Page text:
They say that everything is bigger in Texas and that would appear to apply to the resistance to the legalization of sports betting within the state.
While 19 states and the District of Columbia have all moved to approve legal sports betting since the 2018 United States Supreme Court ruling overturning previous prohibitions against it, and a half-dozen other states are on the verge of doing so, Texas is heading in the opposite direction.
The notoriously conservative state declined to act on a 2019 bill that would’ve given sports betting a chance at legalization. Introduced by Democratic Rep. Eddie Lucio III of Brownsville, Bill H 1275 would’ve required a referendum to be voted on by the people of the state in order for legalized sports betting to be approved.
Looking to help the pace toward legalization to pick up steam, Lucio also introduced House Joint Resolution 61. That sought to amend the state constitution so that “the legislature by law may authorize and regulate the placing of wagers on professional and collegiate sports.”
The bill would’ve made five sports gambling permits available, with two skins allowed per permit. There would also have been a 6.25 percent tax rate on the handle wagered. However, both the bill and the resolution were allowed to die in committee.
Leaving Money On The Table
Clearly, this steadfast opposition to most forms of gambling in the state is costing the Texas government access to a significant stream of revenue. Texas is among the few remaining U.S. states that also prohibit commercial casino gambling. They do allow Native American casinos. However, there are just three of them situated across the span of this massive state.
As for card games, Texas Hold’em may be the most popular form of poker in the world but don’t get caught playing it in Texas unless you’re a member of a social poker club. Social poker clubs are permitted, providing that the house is not making a profit off of the games. As well, Daily Fantasy Sports is forbidden in the state.
The population of Texas is estimated at 28 million, making it the second-most populous state in the union. It’s also a sports-mad state. Pro teams like the NFL’s Dallas Cowboys and Houston Texans, the NBA’s San Antonio Spurs, Houston Rockets and Dallas Mavericks, MLB’s Houston Astros and Texas Rangers and the NHL’s Dallas Stars are all hugely popular in their markets. Three of the owners of these teams – Mark Cuban of the Mavericks, Jerry Jones of the Cowboys and Tilman Fertitta of the Rockets – are proponents for the legalization of sports betting in the state. Fertiitta, it should be noted, has a personal stake in the issue. He’s also the owner of the Golden Nugget Casino.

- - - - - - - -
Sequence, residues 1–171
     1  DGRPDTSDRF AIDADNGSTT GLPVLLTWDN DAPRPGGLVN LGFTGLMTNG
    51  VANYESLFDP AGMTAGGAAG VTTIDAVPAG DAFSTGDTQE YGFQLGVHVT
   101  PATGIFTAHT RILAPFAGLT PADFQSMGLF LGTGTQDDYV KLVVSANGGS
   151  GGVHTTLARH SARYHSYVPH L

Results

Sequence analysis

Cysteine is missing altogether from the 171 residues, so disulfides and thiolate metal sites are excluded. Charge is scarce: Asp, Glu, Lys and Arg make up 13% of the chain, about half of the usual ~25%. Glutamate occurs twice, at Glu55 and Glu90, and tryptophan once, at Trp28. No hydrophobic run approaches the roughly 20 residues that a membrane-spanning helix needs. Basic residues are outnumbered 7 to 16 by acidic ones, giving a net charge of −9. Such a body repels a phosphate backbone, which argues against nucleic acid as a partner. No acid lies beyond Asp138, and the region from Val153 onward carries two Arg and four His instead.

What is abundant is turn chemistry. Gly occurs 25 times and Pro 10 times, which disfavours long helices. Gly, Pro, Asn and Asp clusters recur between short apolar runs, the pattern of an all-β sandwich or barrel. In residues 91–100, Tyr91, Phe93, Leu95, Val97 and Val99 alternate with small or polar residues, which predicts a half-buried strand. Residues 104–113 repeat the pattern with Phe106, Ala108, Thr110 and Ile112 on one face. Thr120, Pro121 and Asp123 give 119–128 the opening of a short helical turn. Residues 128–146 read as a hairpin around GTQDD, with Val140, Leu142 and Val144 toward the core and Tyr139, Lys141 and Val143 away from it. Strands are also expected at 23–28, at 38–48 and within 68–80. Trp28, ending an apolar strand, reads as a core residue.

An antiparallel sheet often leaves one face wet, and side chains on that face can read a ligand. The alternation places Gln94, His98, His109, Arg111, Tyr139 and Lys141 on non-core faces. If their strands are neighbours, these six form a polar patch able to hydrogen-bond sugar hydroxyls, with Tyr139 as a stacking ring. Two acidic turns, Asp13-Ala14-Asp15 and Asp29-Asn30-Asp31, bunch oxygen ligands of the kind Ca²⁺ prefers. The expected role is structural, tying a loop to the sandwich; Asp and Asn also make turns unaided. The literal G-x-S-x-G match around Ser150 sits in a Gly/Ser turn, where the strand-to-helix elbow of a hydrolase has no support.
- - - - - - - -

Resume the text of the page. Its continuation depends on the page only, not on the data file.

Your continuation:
On top of that, Texas is rich in college sports teams. Texas, Texas A&M, Texas Tech, SMU, TCU, Houston, Rice and Baylor are among the major colleges housed in the state.
The American Gaming Association estimated in 2017 that Texas could generate $19 billion in yearly handle from legal sports betting, or approximately $1.5 billion per month.
It’s not like Texans aren’t already wagering on sporting events. Projections are that $2 billion is wagered annually by Texans at offshore online sportsbooks.
“Governor Phil Murphy places his first two bets at the Borgata Casino during the first day of sports betting in New Jersey” by GovPhilMurphy is licensed under CC BY-NC 2.0
A Glimmer Of Hope?
The solid return of the GOP to both Federal and State government positions during the November elections did little to spawn optimism that legal sports betting might be on the horizon in the Lone Star State.
Yet, there does appear to be slight evidence of cracks emerging in the wall opposing such legalization. Gov. Greg Abbott has quietly let it be known that he could be convinced to support legal sports betting in certain circumstances. A $4.6 billion shortfall in the state budget might have something to do with the softening of Abbott’s stance.
Veteran Republican strategist Phil Cox, Founding Partner of 50 State, a bipartisan consulting firm that focuses on state governments, thinks there’s a sliver of hope for the legalization of sports betting in Texas.
“My read right now, and I’ve talked to the Governor about this, is he potentially could go along with it,” Cox said during a Global Gaming Convention webinar earlier in December. “He doesn’t love it but he would go along with it.
“I think the issue is the Lt. Governor (Dan Patrick), who has a lot of influence in the senate, is not in favor right now and will likely block it.”
Las Vegas Sands Corp. owner Sheldon Adelson, one of the most powerful voices in the gaming industry, has hired 10 lobbyists to work on gaining support for the softening of Texas gambling laws.
Even if Texas were to move ahead on legislation, the likelihood is the earliest that sports betting could be legalized in the state would be 2023.